top of page
Post: Blog2 Post

Homemade Allspice Bitters | Make better Old Fashioneds!

Hi, Friends of Cocktails! I recently mentioned using a homemade mix of bitters to make the Perfect Martini. These combine Spruce Tip, Lemon, Grapefruit and Orange Bitters, and I’ve gotten a few messages asking about how they’re made, but as it’s getting colder, I felt there was a need for more festive flavors. That’s why today I wanted to show you how to make some of my favorite bitters: Allspice Bitters (also known as pimento bitters) - these have a rich, spicy and warm flavor, so they’re a perfect addition to your fall and winter cocktails.

I’ve shown you how to make homemade Orange Bitters a long time ago, and by signing up to the Cocktail Times Newsletter you can get my recipes for Grapefruit and Lavender bitters, so you can have a great collection at home to bring a lot more variety to your cocktails - without the need to take a deep dive into the non-potable cocktail bitters rabbit hole. Still, if that is something you wish to learn about, you can check out the books Handcrafted Bitters by Will Budiaman, Bitters by Brad Thomas Parsons, and for rapid-infused bitters, Liquid Intelligence by Dave Arnold.

So here’s what you’ll need to make allspice bitters.

Allspice Bitters

Flavoring agents

• 17g lightly crushed allspice

• 2g dried orange peels

• 1g vanilla bean (cut lengthwise)

• 1g ceylon cinnamon

• 0.5g cloves

• 0.5g coffee beans lightly crushed

• 0.5g star anise

• 2 cardamom seeds (not pods)

Bittering agents:

• 1g cinchona bark

• 1g quassia chips


• 115mL water


• 15mL (0.5oz) 1:1 demerara syrup

I know this seems like a lot of different ingredients, so why are we calling this allspice bitters? Because all of these will complement and elevate each other, with allspice being at the forefront. We have some flavoring agents, two bittering agents, a solvent to extract the flavors from everything, and a little bit of sugar. Usually I’d place all ingredients into a mason jar, and leave it sealed to infuse for 3 weeks, but today however I’ll show you how you can make bitters in one day using a sous vide technique - just keep in mind if you plan to use the slow infusino to open the jar everyday and to give everything a stir.

So begin by adding all the flavoring and bittering agents into a sous vide bag, as well as the rum. This will extract the flavors from our ingredients and offer a nice funk to the bitters. The Plantation rum I went with has 69% ABV, and in general higher ABV content means more extraction, but since some ingredients are only soluble at a certain ABV, I’ll lower the alcohol content to 55%. To do that I’ll need to add 60 ml of water (to get these numbers right I used an online calculator, which you can find here). Now seal the bag and place it in the sous vide set to 65 °C or 150 °F, for 6 hours.

Once this is finished, let it cool off before opening the bag and strain our bitters in the making. We’ll now need to get the ABV of the bitters down to 45%, but we don’t want to just pour in plain water and thin out the flavors, so we’ll place the strained solids back into the same sous vide bag and pour in a small amount of water, enough to cover everything, and sous vide it again for 1 hour at 65 °C or 150 °F. This way, we’ll be infusing the water that we’ll use to lower the ABV as well - also, if you don’t have a sous vide you can place all of the mixture in a small pot over medium heat and infuse the water that way.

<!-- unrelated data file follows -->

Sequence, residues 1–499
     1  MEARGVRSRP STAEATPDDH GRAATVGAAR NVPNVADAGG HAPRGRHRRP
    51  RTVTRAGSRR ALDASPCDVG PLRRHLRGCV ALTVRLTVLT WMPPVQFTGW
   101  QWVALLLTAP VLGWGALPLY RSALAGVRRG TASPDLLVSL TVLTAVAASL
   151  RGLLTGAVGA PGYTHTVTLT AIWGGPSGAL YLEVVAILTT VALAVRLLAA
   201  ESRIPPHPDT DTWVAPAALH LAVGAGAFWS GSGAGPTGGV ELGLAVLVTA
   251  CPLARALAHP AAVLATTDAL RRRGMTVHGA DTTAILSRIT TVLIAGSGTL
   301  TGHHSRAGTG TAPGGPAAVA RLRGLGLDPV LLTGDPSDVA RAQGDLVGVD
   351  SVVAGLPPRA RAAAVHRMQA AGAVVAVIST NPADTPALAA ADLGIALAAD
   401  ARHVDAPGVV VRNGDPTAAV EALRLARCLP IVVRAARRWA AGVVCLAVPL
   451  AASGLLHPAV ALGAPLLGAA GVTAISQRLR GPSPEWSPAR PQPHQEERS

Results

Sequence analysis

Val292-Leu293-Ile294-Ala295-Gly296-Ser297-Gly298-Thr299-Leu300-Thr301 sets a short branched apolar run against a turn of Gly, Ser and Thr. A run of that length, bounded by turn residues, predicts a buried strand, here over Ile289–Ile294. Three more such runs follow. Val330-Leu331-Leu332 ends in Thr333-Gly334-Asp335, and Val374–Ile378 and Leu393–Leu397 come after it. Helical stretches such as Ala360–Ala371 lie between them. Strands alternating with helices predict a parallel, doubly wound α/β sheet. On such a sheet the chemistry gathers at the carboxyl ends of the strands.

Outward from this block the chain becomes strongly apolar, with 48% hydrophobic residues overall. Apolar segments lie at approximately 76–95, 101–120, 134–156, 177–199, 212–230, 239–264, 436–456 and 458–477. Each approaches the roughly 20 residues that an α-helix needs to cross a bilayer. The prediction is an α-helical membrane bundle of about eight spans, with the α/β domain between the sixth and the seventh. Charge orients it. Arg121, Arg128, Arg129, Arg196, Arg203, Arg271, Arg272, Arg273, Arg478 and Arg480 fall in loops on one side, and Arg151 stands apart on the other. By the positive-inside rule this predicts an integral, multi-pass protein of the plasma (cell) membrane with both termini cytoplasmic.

We’ll filter out the solids again and measure the amount of bitters we got after straining. I ended up with 240 mL of 55% ABV bitters, so we’ll need to add 55 mL of our 0% ABV infused water to get it to where we want. Lastly add a touch of sweetness in the form of the demerara simple syrup to bring out the flavors - 3mL (0.1oz) of it for every 60ml (2oz) of bitters. You can now mix everything to combine, but we are not yet done, as many of our ingredients have released their essential oils, which will make your cocktails look cloudy when chilling.

We’ll get rid of these oils by placing the bitters in the freezer for about an hour before filtering, and that way the oils will freeze and get caught by the filter - which I pre-chilled as well. This step will also very effectively catch all the small particles that went through the mesh strainer before, but for best results, place this back in the freezer or a fridge as it filters. Once this is done, just pour your allspice bitters into small dasher or dropper bottles and label them.

Homemade bitters not only elevate your home cocktail game but also make a great gift for anyone that’s into cocktails - and something that’s been a gift to all of us is the support from so many of you, especially our Patrons! This week we are adding our latest top-tier Patron, James Quinn, to the Cocktail Time Wall of Fame, and if you want to join him and support what we do, make sure to check out our Patreon, as I’m sure you’ll enjoy many of the perks for you to access.

As a final note for the bitters, I’d highly suggest you take your own notes while making them in case you change anything or want to adjust the second batch to your taste. Next week we’ll use these Allspice Bitters to make a fall twist on a classic cocktail, so I’ll see you then. Cheers!

Bitters Gear:

Precision scale:

Measuring cups:

Bottles with Glass Pipettes: (blue) or (amber)

To make it easier for you to try these recipes you can grab the bottles I used from CURIADA here:

By buying through the affiliate links you’re also helping out the Cocktail Time channel with a small commission (at no additional cost to you). Cheers!


bottom of page